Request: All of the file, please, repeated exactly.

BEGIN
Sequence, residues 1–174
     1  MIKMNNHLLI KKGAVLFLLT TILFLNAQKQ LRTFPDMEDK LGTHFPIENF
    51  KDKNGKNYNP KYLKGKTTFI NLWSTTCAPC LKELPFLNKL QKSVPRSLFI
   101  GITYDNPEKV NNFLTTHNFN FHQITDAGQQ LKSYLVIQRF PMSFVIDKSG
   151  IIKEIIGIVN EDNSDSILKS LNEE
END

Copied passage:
Sequence, residues 1–174
     1  MIKMNNHLLI KKGAVLFLLT TILFLNAQKQ LRTFPDMEDK LGTHFPIENF
    51  KDKNGKNYNP KYLKGKTTFI NLWSTTCAPC LKELPFLNKL QKSVPRSLFI
   101  GITYDNPEKV NNFLTTHNFN FHQITDAGQQ LKSYLVIQRF PMSFVIDKSG
   151  IIKEIIGIVN EDNSDSILKS LNEE